October 29, 2003

Flexible Display Screens

The method could speed the development of wall-size TVs and new forms of flexible screens

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Xerox claims chip innovation
It uses inkjet printer to draw tiny electronic circuits cheaply.

By Richard Mullins

(October 29, 2003) Xerox Corp. researchers say they have discovered a radically cheaper way to make microchips, using a modified inkjet printer to literally draw the tiny circuits for electronics.

Researchers say the method could speed the development of wall-size TVs and new forms of flexible screens and could potentially make electronics cheap enough to embed in everyday products.

We are gunning very much for the display market, said Raj Apte, a researcher at Xeroxs Palo Alto Research Center in California.

We may be creating a business here. Or we may be creating a machine that Xerox can sell to other companies.

For Xerox, the innovation could prove lucrative. It gives the company which is working to turn more inventions from its labs into money-making products entry into the fast-growing market of electronic displays.

The methods biggest breakthrough, Apte said, is the low cost and simple process.

Typically, manufacturing plants that produce laptop computer screens or cell phone screens cost a billion dollars or more to build because they require sterile clean rooms and massive equipment to etch tiny circuits onto high-quality glass.

But last year, Beng Ong, a Xerox researcher in Toronto, discovered a way to make a form of plastic ink that conducts electricity. During a conference in Boston, he theorized that everyday printers could draw circuits with the ink, even on flexible surfaces.

Xerox researchers in California then took the next step to build the printers.

We took a Xerox inkjet print head out of the box and used it to squirt the semiconductor right onto a surface, said Apte. Tiny cameras inside the machine made sure the droplets of ink landed in the correct pattern, he said, a key step in printing on flexible plastic or paper.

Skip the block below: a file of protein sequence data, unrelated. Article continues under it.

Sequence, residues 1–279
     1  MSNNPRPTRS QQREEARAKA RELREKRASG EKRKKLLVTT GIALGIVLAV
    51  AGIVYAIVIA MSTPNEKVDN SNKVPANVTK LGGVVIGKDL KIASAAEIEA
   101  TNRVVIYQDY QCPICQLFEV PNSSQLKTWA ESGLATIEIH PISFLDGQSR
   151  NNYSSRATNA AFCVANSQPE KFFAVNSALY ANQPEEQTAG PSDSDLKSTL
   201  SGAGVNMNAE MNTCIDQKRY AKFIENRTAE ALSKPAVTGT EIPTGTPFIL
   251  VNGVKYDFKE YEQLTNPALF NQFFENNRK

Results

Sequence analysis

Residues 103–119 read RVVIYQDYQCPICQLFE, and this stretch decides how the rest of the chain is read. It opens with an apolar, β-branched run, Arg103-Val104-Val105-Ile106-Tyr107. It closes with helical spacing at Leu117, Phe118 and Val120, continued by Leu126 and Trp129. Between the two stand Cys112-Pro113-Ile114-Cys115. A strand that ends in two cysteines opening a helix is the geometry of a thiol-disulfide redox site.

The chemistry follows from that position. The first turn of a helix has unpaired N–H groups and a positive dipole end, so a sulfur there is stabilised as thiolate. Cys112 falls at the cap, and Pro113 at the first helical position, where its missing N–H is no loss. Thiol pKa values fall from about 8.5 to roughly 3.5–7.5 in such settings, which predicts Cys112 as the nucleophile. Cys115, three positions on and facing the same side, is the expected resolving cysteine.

By making several passes, the inkjet printer can lay down different circuits, creating a tiny, flat computer but with ink that flexes rather than breaks when the surface is rolled.

Those sheets of plastic could form the electronic brains behind display screens, turning a tiny light on or off to form an image.

Without making a formal prediction, Apte said the process could cut the cost of making electronics by an order of magnitude.

New technologies for electronic display screens are about to become a big business. Analysts estimate that next-generation screens built with organic materials that give off their own light a method pioneered by Eastman Kodak Co. will generate $3 billion in sales by 2007.

Yet the new approach hasnt exactly washed over consumers yet.

Only one digital camera using Kodaks display technology has reached the market; other products, such as cell phones, are expected within the next 12 months. Kodak in September backed away from previous predictions that it would earn $500 million in revenue from display screens within the next two years.

Still, display technology remains critically important. Kodak indicates it will seek to enter the flexible display screen business, where screens are manufactured on plastic or other flexible materials, at some point in the future.

I expect we could encounter this technology in everyday life, said Carl Schauffele, associate director of the Center for Electronic Imaging Systems, located at the University of Rochester. I see flexible displays on items that wouldnt be possible now because of the cost.

Maybe you touch a button and your refrigerator door shows an image of whats inside before you open it.

Apte said Xerox is already considering ways to turn the invention into a marketable product.

In the first step, Xerox plans to use the printed circuits to control the screens made by an existing Xerox spin-off called Gyricon, which markets a form of smart paper that can change its own image.

In the future, Xerox researchers think the process also could cut the cost of making tiny electronics that dont necessarily need high-powered microchips, such as small transmitters on grocery products.

Several large retailers, including Wal-Mart Stores Inc., hope to use such transmitters on everything from cereal boxes to toothbrushes, potentially surpassing the bar codes scanned in checkout lanes.

Xerox is working on the technology with teams of researchers at Motorola Labs and Dow Chemical, under a grant from the National Institute of Standards and Technology.

Right now, Im feeling pretty optimistic, Apte said. So Im thinking about displays that come down from your bedroom ceiling and roll back up. That could be as few as five years away.

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Includes reporting by staff writer Ben Rand.

Posted by Craig at October 29, 2003 04:33 PM